An adjustment was made to keep Jared Cook ($3.0K/$5.0K) on the field at three times the rate of Donald Parham ($2.8K/$4.6K). Cook simply chose to sign with the wrong QB as one of the most efficient Cover 1 TEs in the NFL. Like Harris, Austin Ekeler ($7.9K/$8.2K) has failed to hit value during the last two weeks. I do not have the supporting data in hand, but I do believe Ekeler has been a primetime baller in recent seasons. This could be a sneaky spot for him to get right.
Matchups to Target
Kadarius Toney, NYG ($5.0K DK | $5.5K FD) vs. Ross Cockrell, TB
I’m calling for a 100% guarantee on Tampa Bay taking the victory on Monday Night Football. The GOAT does not lose back-to-back games. It’s science. And he is going to build an early lead in Raymond James Stadium. A negative game script is something the Giants only dealt with for one minute and 38 seconds in Week 9. A game where they handed the ball off on 61% of snaps and devoted all of 6% of their 20 targets to Kadarius Toney. It was a spot against the league’s highest rate of Cover 3 that should’ve allowed Toney to go nuclear.
Not to worry. Tampa Bay is featuring cover 2 at the fourth-highest rate and Cover 3 at the 12th-highest. Fueling the Toney fire, the Bucs used Cover 3 on just under 50% of snaps last week. If Toney’s rookie numbers qualified, his 0.68 FP/Rt would rank second-best against Cover 3. He’s also adding 4.05 YPRR (the top number, if qualified), 12.5 YPT (seventh-best), and drawing 33% of the targets (second) when facing Cover 3. On 28% of rookie routes, Toney has furnished 39% of his receptions, and 46% of his yardage.
Leonard Fournette, TB ($6.3K DK | $7.3K FD) vs. Giants’ Cover 3 | 4
On the slates where he’s available, Leonard Fournette is my RB1 value of Week 11. The floodwaters have breached the perimeter defenses of New York’s run defense. Opponents are having their way with the G-men on the ground at all three levels. They are allowing 28.2 FPG to opposing RBs (fifth-most) on the season. And 13.9 of those FPG are being provided through the air (sixth-most). That’s significant for Lenny since he’s already collecting 7.4 pure receiving FPG this season (10th-most). I simply cannot get my fill of his RB16/RB13 pricing in this spot.
Final notes on New York
We don’t need Daniel Jones ($5.3K/$6.9K) to explode in order for our Toney exposure to hit. If that were a prerequisite, we’d be in trouble. Danny Dimes has seven TDs vs. 15 INTs against Cover 2 and 3 combined during his career. And his FP/Db numbers both rank him at 32nd among qualified QBs. Saquon Barkley ($6.7K/$7.0K) should just take another game off to heal up. The Bucs’ defense is not playing games with opposing RBs. And New York is already staring at 7% odds to capture a playoff spot. I’ll fall beside myself in laughter if Devontae Booker ($5.4K/$6.3K) sits this game out due to a bruised hip. Booker can begin the countdown now on the number of game starts he will see over the remainder of his career. Sterling Shepard ($5.2K/$6.1K) appears to be climbing the wrong side of Active mountain. So the Giants will once again feature Toney, Kenny Golladay ($5.1K/$5.8K), and Darius Slayton ($4.8K/$5.4K) with as many reps as they can manage. Don’t look now… or, maybe you should look now since Evan Engram ($3.7K/$5.3K) has scored in back-to-back games. His long stroll down Mediocre boulevard chipped away at his pricing enough that he’s still a value after his recent success.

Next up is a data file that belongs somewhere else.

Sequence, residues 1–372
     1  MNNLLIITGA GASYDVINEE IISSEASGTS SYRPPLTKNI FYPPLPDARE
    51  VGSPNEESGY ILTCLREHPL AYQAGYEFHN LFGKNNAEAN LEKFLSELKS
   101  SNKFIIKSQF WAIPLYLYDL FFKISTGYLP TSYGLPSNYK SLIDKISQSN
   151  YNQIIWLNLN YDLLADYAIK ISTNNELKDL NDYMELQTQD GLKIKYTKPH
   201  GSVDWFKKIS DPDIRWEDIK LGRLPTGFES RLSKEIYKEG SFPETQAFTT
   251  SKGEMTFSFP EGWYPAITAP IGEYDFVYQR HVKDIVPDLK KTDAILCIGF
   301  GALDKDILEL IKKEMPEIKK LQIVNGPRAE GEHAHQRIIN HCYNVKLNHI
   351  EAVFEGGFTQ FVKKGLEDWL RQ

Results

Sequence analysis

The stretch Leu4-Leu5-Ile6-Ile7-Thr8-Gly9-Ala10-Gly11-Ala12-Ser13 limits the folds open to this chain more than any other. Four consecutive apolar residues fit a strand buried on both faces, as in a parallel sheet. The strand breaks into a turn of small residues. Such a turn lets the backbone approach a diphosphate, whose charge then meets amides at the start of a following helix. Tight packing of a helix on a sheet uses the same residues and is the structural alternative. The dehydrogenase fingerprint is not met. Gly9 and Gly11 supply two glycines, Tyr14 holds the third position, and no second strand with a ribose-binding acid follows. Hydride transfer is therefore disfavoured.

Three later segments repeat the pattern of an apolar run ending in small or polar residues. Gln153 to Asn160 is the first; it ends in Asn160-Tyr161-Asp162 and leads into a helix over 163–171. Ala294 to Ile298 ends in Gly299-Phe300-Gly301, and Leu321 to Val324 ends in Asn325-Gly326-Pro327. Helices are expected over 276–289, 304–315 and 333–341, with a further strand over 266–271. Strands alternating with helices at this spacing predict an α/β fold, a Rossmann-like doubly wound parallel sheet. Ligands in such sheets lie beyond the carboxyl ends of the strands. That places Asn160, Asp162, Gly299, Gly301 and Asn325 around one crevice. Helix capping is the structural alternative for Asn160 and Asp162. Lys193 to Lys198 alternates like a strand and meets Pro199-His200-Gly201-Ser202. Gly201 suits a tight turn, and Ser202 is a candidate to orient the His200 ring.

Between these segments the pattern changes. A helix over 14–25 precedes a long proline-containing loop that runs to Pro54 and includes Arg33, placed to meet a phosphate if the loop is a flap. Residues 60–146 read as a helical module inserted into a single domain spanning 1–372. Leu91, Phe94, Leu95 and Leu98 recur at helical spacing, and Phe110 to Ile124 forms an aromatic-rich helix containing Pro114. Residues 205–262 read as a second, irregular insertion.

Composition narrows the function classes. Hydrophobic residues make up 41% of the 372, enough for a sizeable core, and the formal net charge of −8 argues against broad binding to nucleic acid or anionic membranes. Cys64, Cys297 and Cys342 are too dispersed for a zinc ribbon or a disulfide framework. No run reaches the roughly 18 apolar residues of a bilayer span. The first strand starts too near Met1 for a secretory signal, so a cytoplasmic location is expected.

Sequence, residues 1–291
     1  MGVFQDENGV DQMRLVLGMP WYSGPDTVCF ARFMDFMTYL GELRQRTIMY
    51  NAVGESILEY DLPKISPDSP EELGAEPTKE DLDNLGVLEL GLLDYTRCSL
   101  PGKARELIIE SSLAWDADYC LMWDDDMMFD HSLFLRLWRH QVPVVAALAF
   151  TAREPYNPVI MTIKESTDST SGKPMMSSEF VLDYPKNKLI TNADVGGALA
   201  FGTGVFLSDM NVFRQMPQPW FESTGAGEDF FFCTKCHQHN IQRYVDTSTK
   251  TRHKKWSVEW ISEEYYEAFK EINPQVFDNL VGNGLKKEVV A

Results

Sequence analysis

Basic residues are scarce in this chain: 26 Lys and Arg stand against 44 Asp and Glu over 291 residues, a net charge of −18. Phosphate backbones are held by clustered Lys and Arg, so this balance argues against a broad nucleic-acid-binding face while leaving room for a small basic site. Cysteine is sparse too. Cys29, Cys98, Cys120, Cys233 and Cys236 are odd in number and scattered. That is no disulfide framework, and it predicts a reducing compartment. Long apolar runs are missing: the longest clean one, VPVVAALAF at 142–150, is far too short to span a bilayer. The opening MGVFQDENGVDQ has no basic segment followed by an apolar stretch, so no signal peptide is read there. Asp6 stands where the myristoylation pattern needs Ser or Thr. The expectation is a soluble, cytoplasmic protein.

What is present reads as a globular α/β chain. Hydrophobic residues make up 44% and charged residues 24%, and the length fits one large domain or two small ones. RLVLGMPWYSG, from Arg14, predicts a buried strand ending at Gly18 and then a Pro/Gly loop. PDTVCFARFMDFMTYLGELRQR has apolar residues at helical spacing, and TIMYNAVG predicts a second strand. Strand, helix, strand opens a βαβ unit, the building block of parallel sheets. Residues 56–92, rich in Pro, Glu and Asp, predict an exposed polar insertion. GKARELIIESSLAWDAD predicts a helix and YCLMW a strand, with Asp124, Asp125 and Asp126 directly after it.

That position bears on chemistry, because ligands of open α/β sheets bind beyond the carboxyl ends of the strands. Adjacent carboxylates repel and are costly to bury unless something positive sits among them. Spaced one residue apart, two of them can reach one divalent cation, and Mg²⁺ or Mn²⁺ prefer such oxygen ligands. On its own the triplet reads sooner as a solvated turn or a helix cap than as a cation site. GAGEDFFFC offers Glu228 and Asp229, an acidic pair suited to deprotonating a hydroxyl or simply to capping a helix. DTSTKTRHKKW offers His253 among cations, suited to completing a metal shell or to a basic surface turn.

Final notes on Tampa Bay
It’s the GOAT. The screaming chewer of the chud accomplishes what only the spouse of a Bündchen can under the transcendental meditation lifestyle. He takes his losses in stride, always seeming to come out on the other side all-the-better from the experience. This is a spot where we can count on Tom Brady ($7.3K/$8.0K) coming out focused, hungry. A scary sight for his opponents. I’m calling for TB12 feeding bounce-back games for both Mike Evans ($7.0K/$7.4K) and Chris Godwin ($6.7K/$7.6K).
Since it appears that neither Antonio Brown ($6.0K/$7.5K) or Scotty Miller ($3.0K/$4.8K) will be able to take the field, Tyler Johnson ($3.4K/$5.1K) had better watch his back after Jaelon Darden ($3.0K/$4.7K) appeared to be the quicker, faster, and better prepared of the two last week. It seems as though Rob Gronkowski ($4.3K/$6.0K) hasn’t played a full complement of reps since last season. The devotee to Brady’s insanely-restricted diet needs to put some Gronkage on tape this week. The opportunities for O.J. Howard ($2.8K/$4.5K) and Cameron Brate ($3.2K/$4.8K) will evaporate now that Gronkowski has been practicing in full.